My name is María Paz Sagredo and I am from Chile. Before enrolling at the MSc in SDP at the DPU I studied Sociology in Chile. While I was in college, I started volunteering in TECHO, an NGO working with families living in extreme poverty. During four years, I worked with different housing and neighbourhood associations of slums in Santiago, in slum-upgrading and social development programs.
When I completed my studies in Sociology, I began to work professionally in TECHO, first as a researcher and later implementing permanent housing programs funded by state subsidies. After almost three years in Techo, I worked for two years in a private consulting firm, specifically in a socioeconomic and cultural Development Program oriented towards urban and rural families affected by the construction of a dam in the south of Chile. I also took part in the design of a model of territorial intervention in vulnerable neighbourhoods of Santiago.
I first heard of the SDP programme because of some friends that were studying at the DPU. I became really interested in the approach and the academics working there. The main reason why I finally chose the MSc Social Development Practice was its critical approach to people-centred development. I also valued that the program considers diversity and local identity as a very important variable of development. Additionally, I was attracted by the fact that practical experience is as important as the delivery of theoretical content, that I felt would complement my previous professional experience. What I hoped to achieve by participating in the course was learning about theories and practices of social development, identifying development practices that have contributed to the reduction of poverty and inequality in an efficient and sustainable manner. I was also interested in analysing the role played by public and private institutions in this area.
While studying the programme, I really enjoyed the theoretical modules (SD1 and SD2). Both courses helped me learn and understand the different existing approaches to people-centred development. I also really enjoyed the practical module and the possibility to work with different NGOs and civil society organizations in concrete projects, both in the UK and overseas. I valued learning new techniques and methods to carry out participatory research. I also got the chance to wprk with Alex Frediani and some of my classmates in two projects along with Citizens UK. One of them was a video for an exhibition for Euston residents and organizations involved in the HS2 citizens’ charter, (https://blogs.ucl.ac.uk/dpublog/2015/05/21/action-learning-in-euston-inputs-for-hs2-citizens-charter/). I also participated with Alex in two seminars delivered to a group of Municipal Councillors and Mayors from four of the poorest municipalities from the south of Chile, organised by the Embassy of Chile in the UK. The main topic of the meetings was the relevance of networks in processes of participatory local development. Finally, I also participated in a DPU Summer Lab in Mostar, working with local organizations in the design of development strategies for a rural town located near Mostar (https://www.ucl.ac.uk/bartlett/development/sites/bartlett/files/dpu_sl_2015_final.pdf). In sum, I appreciated both the theoretical and practical knowledge acquired while studying the programme, but also the possibility of getting to know and become involved in projects along with SDP and DPU academics and partner organizations.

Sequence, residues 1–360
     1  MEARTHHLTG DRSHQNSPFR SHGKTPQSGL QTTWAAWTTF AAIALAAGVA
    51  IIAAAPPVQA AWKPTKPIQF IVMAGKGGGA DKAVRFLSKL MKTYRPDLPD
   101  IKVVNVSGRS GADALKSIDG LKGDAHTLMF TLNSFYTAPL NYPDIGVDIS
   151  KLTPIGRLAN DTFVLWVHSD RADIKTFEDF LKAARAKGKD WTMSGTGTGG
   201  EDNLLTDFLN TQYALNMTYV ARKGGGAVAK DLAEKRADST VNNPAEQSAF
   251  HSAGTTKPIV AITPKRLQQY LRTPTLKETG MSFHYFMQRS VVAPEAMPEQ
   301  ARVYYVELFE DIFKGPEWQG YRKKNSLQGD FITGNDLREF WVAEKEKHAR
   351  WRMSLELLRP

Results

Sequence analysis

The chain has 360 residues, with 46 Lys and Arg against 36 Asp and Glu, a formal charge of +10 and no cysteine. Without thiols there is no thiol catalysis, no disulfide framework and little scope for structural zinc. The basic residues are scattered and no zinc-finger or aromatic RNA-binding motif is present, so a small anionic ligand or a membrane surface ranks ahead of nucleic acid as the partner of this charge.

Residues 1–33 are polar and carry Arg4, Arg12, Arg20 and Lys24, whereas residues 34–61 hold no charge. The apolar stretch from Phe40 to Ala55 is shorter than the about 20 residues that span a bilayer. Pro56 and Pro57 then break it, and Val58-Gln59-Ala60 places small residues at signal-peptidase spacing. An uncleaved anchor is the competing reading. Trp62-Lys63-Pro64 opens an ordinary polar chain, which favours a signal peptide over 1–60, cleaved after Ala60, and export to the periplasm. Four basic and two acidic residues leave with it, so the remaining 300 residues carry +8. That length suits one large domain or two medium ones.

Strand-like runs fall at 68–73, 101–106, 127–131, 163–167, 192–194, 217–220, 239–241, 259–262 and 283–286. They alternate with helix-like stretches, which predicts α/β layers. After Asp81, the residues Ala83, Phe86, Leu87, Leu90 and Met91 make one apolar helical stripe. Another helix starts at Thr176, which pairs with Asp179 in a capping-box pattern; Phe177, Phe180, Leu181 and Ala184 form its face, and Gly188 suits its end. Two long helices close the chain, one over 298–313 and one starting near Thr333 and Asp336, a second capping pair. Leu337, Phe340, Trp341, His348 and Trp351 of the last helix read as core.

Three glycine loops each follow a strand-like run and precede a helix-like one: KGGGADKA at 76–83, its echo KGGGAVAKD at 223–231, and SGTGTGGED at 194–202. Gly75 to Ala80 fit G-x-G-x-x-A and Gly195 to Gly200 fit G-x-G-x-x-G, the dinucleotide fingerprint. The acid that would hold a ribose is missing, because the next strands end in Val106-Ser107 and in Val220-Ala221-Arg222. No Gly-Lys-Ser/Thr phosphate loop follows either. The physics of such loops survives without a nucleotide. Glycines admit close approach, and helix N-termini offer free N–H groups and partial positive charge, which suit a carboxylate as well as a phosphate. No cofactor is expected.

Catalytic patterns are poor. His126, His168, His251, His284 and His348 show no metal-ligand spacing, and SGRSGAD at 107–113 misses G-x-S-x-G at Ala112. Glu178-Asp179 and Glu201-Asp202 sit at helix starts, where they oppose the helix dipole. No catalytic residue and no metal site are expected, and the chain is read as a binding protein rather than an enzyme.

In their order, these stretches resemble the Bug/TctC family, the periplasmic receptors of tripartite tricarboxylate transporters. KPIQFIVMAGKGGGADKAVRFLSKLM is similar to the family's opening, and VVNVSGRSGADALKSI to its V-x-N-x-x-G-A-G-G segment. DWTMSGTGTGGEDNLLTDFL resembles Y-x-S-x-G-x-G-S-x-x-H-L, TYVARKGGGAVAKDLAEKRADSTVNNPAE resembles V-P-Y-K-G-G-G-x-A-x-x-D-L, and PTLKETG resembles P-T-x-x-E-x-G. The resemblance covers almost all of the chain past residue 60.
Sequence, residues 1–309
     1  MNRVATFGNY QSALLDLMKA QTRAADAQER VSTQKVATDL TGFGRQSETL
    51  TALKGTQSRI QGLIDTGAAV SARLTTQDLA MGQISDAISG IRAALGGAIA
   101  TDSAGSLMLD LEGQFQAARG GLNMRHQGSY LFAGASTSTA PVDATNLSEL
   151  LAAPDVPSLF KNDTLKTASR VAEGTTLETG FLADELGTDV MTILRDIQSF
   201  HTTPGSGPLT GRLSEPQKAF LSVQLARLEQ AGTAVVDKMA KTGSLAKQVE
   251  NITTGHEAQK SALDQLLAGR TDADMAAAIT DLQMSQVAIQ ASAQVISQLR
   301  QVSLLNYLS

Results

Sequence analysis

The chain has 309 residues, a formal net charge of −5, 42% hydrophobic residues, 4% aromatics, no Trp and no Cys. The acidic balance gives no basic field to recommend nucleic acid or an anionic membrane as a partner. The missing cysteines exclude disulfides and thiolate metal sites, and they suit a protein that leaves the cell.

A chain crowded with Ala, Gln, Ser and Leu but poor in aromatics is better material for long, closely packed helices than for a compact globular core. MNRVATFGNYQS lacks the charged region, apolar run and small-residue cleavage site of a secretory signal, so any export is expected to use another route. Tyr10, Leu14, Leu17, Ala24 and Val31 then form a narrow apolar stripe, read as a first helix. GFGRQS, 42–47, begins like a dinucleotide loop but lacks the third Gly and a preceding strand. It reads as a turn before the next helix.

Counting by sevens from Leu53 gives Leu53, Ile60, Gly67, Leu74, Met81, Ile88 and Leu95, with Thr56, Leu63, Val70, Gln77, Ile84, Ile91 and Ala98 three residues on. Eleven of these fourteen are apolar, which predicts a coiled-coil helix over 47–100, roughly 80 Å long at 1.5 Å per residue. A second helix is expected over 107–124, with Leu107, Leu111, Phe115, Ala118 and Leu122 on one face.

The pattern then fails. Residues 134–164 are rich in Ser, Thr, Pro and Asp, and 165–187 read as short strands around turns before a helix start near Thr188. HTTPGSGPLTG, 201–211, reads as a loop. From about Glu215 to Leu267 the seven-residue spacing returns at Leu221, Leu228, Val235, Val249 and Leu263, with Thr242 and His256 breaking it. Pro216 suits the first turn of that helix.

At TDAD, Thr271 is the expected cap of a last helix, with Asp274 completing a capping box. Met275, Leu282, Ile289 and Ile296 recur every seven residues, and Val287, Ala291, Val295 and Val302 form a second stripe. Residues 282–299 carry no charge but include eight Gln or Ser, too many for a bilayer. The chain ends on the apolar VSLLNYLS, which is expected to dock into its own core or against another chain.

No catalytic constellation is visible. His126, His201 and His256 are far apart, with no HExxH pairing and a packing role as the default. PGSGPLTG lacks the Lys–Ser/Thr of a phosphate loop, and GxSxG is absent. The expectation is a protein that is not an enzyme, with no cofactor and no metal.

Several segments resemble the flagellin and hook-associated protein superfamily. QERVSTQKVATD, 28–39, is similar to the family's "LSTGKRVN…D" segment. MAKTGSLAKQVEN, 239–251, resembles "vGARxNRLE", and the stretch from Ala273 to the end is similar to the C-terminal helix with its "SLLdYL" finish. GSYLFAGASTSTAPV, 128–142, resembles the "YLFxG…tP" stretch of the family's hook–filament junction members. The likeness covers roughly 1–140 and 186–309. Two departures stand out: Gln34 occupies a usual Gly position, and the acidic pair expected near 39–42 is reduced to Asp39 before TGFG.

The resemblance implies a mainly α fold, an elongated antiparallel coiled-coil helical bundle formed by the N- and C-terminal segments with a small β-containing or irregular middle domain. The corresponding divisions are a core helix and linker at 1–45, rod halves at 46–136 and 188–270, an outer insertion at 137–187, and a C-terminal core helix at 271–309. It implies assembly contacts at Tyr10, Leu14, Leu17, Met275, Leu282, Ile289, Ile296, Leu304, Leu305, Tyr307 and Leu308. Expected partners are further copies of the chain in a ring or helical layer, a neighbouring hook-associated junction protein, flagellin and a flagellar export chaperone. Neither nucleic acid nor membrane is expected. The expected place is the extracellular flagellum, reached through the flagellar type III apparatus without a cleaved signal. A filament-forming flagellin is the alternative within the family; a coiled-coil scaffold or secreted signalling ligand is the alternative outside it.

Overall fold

After completing the program, I moved back to Santiago and started working in the Citizens’ Participation Unit of a local government office. There I worked with local organizations and different units inside the Municipality promoting the involvement of citizens in the design, execution and evaluation of public programs. I worked there for almost a year and afterwards I have been working as an independent consultant for different research and development projects. Currently I am working in a research project regarding participation and territorial dialogues and negotiations in the context of economic development projects such as electricity generation and mining. I am also working with an NGO involved in the construction of a new Metropolitan Park in Santiago, promoting and facilitating citizens’ participation in the design of the project. Soon I will start teaching a participatory research methods course for sociology students.
My main advice for current and future SDP students is: take advantage of all the opportunities that UCL, the DPU and the programme have to offer. Go to class, read the readings, get actively involved in the practical module projects, but also go beyond that. Get involved in the work done by the partner organizations such as Citizens UK, talk to your teachers and work with them in other projects if possible. And finally, make new friends, learn about their countries and their cultures, have fun and enjoy London together.